Partha Chatterjee, for the win

An oldie but a goodie:

“People can only imagine themselves in empty homogeneous time; they do not live in it. Empty homogeneous time is the utopian time of capital. It linearly connects past, present, and future, creating the possibility for all of those historicist imaginings of identity, nationhood, progress, and so on that Anderson, along with others, have made familiar to us. But empty homogeneous time is not located anywhere in real space–it is utopian. The real space of modern life is a heterotopia (my debt to Michel Foucault should be obvious). Time here is heterogeneous, unevenly dense. Here, even industrial workers do not all internalize the work-discipline of capitalism, and more curiously, even when/ they do, they do not do so in the same way. Politics here does not mean the same thing to all people. To ignore this is, I believe, to discard the real for the utopian” (“Anderson’s Utopia” Diacritics 29:4, 131-2).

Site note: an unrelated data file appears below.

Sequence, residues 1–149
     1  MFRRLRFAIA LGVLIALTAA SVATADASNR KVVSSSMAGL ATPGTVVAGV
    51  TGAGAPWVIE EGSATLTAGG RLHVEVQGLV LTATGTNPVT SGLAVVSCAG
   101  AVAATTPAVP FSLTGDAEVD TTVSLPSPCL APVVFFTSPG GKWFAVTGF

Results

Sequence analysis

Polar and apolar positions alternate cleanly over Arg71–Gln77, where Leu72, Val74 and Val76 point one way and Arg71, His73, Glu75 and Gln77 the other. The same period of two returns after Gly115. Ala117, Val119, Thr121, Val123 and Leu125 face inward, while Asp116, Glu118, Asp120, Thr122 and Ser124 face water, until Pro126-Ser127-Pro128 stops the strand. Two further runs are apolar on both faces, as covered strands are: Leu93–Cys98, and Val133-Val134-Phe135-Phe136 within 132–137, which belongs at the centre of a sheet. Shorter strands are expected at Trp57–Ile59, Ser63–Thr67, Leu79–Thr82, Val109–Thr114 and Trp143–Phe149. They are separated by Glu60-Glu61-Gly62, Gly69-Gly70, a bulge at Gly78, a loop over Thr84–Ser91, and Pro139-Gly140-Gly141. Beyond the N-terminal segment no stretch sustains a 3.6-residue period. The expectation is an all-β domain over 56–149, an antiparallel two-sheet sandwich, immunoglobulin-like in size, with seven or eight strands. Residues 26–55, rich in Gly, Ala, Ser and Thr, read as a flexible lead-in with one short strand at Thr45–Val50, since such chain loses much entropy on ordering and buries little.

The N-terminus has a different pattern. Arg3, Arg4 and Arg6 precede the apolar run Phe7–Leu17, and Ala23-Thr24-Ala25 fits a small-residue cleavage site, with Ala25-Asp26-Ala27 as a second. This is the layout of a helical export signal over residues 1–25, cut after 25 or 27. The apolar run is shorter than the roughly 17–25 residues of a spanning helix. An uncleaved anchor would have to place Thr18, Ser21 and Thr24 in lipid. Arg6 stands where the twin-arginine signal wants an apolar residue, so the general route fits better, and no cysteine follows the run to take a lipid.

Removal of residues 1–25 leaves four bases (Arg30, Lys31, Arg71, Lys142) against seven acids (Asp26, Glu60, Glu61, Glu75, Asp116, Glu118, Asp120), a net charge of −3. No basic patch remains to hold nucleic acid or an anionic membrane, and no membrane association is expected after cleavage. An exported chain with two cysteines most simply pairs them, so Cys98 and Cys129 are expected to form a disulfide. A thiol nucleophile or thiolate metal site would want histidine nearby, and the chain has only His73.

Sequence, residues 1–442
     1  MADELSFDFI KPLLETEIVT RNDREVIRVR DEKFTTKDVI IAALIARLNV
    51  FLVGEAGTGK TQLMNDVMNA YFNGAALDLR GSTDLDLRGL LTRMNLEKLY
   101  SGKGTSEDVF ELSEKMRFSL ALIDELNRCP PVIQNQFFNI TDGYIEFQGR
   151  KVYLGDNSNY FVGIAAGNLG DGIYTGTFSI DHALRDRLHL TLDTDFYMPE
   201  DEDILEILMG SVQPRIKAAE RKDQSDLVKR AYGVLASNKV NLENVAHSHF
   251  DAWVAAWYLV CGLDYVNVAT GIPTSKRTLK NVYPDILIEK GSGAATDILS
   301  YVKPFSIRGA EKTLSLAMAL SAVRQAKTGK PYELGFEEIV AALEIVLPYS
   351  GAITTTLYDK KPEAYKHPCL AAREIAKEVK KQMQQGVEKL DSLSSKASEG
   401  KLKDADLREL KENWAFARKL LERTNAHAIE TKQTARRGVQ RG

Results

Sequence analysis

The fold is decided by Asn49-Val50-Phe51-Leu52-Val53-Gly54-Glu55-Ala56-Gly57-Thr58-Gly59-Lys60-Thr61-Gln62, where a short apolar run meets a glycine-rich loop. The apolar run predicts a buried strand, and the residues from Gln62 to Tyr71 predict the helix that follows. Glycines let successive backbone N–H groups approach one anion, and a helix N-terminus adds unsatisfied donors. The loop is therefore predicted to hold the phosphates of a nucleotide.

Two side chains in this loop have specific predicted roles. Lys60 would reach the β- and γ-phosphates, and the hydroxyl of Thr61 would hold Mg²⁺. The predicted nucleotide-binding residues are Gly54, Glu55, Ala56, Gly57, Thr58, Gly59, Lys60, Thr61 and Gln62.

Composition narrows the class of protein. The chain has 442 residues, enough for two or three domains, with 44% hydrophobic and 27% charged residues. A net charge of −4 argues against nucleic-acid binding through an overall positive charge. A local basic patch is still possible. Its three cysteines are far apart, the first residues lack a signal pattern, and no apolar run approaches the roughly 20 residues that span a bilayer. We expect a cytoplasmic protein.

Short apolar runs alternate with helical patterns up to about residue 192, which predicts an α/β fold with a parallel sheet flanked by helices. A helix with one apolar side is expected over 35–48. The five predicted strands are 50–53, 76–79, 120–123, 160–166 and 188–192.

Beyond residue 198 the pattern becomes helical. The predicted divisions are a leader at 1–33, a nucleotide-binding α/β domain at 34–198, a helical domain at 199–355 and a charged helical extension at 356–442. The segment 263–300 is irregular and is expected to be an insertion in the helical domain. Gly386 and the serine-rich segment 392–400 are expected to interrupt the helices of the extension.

On Habit

As I work to get into a habit of writing and think about the book project, I think that habit is kinda important.  For that’s what institutions do: they enable habit, routine, static repetition.  Anachronisms depart from such habits and routines, not because they aren’t also habitual (they can be, of course) but because they’re tied to history and historical time, they suggest a different scale, a different level of generalization.

Athena Vretto’s “Defining Habits: Dickens and the Psychology of Repetition” is helpful as a way of thinking through habit, reminding me of the ways that habit is tied to class, consumption, psychology, social structures (and, to add to her account,- – as Newman argues – – belief).  In her words:

“Habits are dangerous precisely because they do not necessitate consciousness or evoke emotion. Paradoxically responsible for both human individuality and mechanicality, habits make people unique while simultaneously threatening to transform them into things” (417).